(a) Even if Japan cannot arm itself with nuclear weapons for the time being, it should not give up its freedom to arm itself with nuclear weapons.

(b) If Japan joins the NPT, its peaceful use of nuclear energy may be hindered. Moreover, the supply of nuclear fuel may not be hindered even if Japan does not join the NPT.

The following is the response to such questions.

(1) Regarding the “freedom of nuclear armament”

(a) It is virtually impossible for Japan to arm itself with nuclear weapons under the Three Non-Nuclear Principles in the near future. In addition, such policies cannot be taken in view of the international environment surrounding Japan, such as relations with neighboring countries in Asia. Therefore, there is little possibility that such unrealistic “freedom of nuclear armament” can be used for diplomatic leverage, for example.

(b) Even if it is impossible to assert that there is no possibility that Japan will be armed with nuclear weapons in the long term, it is a good idea to participate in the NPT, promote international cooperation in the area of peaceful use of nuclear energy, and improve the overall capacity for the peaceful use of nuclear energy, and ultimately enhance Japan’s international voice, rather than to take risks not participating in the NPT on the grounds of these uncertainties, causing suspicions from other countries and being disadvantaged in the area of peaceful use of nuclear energy.

(c) In the event of an “extraordinary circumstances” in which Japan cannot ensure its security unless it is armed with nuclear weapons in the future, Japan may withdraw from the NPT to deal with the problem. (According to Article X of the NPT, if they find that extraordinary circumstances in relation to a matter covered by the NPT jeopardizes their supreme interests, they shall have the right to withdraw from the NPT after giving three months’ notice to all other parties and the Security Council of the United Nations.)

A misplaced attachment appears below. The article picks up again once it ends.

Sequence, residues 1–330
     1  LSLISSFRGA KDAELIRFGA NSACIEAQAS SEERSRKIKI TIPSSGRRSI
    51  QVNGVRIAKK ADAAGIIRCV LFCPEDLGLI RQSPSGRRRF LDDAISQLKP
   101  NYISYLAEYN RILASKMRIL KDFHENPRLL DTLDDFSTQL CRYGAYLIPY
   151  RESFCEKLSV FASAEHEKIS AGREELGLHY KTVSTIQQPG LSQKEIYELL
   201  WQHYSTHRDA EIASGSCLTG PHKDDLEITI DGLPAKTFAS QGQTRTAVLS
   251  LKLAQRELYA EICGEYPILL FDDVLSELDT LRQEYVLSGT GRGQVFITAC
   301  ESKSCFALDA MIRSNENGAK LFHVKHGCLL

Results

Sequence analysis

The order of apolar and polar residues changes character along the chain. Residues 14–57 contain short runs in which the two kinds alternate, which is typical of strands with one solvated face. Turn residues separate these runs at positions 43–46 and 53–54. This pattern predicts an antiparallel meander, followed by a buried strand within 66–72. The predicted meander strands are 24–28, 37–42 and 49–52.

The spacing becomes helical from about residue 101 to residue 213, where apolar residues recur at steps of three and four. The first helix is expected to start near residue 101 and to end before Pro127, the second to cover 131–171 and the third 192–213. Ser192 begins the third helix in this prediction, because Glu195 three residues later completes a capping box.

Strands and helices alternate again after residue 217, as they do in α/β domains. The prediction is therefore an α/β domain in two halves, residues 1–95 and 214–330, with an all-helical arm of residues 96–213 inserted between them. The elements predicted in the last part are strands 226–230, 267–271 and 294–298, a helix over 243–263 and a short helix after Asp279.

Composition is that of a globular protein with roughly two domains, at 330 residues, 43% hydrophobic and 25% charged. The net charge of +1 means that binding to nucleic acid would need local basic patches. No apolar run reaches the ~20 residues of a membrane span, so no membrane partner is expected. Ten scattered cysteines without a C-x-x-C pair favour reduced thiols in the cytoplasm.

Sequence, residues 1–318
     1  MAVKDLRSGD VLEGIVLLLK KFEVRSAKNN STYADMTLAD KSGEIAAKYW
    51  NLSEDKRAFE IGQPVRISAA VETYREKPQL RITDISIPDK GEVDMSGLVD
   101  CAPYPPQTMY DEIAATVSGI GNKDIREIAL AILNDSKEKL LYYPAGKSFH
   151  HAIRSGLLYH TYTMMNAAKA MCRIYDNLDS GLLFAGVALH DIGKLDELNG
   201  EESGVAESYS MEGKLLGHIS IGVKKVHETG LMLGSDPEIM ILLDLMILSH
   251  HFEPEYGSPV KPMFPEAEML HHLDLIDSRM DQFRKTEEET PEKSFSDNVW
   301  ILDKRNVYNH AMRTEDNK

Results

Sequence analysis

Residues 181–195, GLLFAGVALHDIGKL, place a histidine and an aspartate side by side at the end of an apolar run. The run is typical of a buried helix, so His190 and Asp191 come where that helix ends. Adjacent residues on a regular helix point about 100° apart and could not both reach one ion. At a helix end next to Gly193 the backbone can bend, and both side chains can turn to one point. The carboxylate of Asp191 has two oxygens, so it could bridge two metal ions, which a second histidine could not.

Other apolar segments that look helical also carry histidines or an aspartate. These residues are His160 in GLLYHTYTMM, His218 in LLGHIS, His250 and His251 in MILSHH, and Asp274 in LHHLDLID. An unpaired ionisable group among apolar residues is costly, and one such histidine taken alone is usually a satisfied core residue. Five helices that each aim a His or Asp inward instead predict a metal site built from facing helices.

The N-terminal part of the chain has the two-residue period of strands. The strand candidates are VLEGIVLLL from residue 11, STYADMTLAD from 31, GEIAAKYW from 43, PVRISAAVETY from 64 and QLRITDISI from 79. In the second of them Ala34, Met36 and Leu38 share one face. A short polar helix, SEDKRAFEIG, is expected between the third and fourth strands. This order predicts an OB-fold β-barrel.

(2) Peaceful use of nuclear energy

(a) Japan’s industrial power sources will have to increase its dependence on nuclear power generation in the future, and Japan needs to take every possible measure to secure the supply of nuclear fuel for this purpose. At present, Japan depends on the United States for the majority of enriched uranium, and this trend is expected to continue for the time being. Since 1971, the U.S. government has been in a position to suspend the supply of enriched uranium to foreign countries if it is incompatible with the U.S.’ obligations (the United States, as a party to the NPT, is obligated not to provide the nuclear fuel, etc. to non-nuclear weapons states unless safeguards under Article III.2 of the NPT applied to them) to foreign countries under the NPT (which is clearly stated in the uranium enrichment contract with foreign customers - confirmed in a side letter with Japanese customers). Japan needs to eliminate the causes of instability in the supply of nuclear fuel by joining the NPT.

(b) Almost all of Japan’s nuclear materials are already under the safeguards of the International Atomic Energy Agency (IAEA) through bilateral nuclear agreements.

 

As was already secured by the 1971 Model Agreement, safeguards under the NPT have been promoting simplification, rationalization, and industrial secret protection compared to the existing safeguards. Furthermore, the objective of Japan’s preliminary negotiations with the International Atomic Energy Agency for the conclusion of safeguards agreements is to ensure that safeguards are taken in such a way that industrial secrets do not leak. Therefore, there is no risk of causing hindrance to the peaceful use of nuclear energy by joining NPT.

5. The necessity for early ratification of the NPT

  

(1) Recent developments surrounding the NPT and the need for early ratification

As described in the above 2., the situation surrounding the government statement at the time of the signature showed progress thereafter. Considering also from the viewpoint of Japan’s national interest as is described in the above 3., the ratification of the NPT is considered necessary. In addition, considering the recent international situation surrounding the NPT as is discussed in the following sections, Japan should realize the ratification of the NPT as soon as possible.